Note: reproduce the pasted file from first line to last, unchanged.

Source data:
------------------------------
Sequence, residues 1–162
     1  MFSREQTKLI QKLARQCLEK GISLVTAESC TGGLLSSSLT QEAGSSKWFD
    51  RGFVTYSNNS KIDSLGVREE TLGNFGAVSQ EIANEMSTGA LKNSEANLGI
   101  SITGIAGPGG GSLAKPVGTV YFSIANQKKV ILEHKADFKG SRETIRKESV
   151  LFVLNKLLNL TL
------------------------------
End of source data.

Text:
Sequence, residues 1–162
     1  MFSREQTKLI QKLARQCLEK GISLVTAESC TGGLLSSSLT QEAGSSKWFD
    51  RGFVTYSNNS KIDSLGVREE TLGNFGAVSQ EIANEMSTGA LKNSEANLGI
   101  SITGIAGPGG GSLAKPVGTV YFSIANQKKV ILEHKADFKG SRETIRKESV
   151  LFVLNKLLNL TL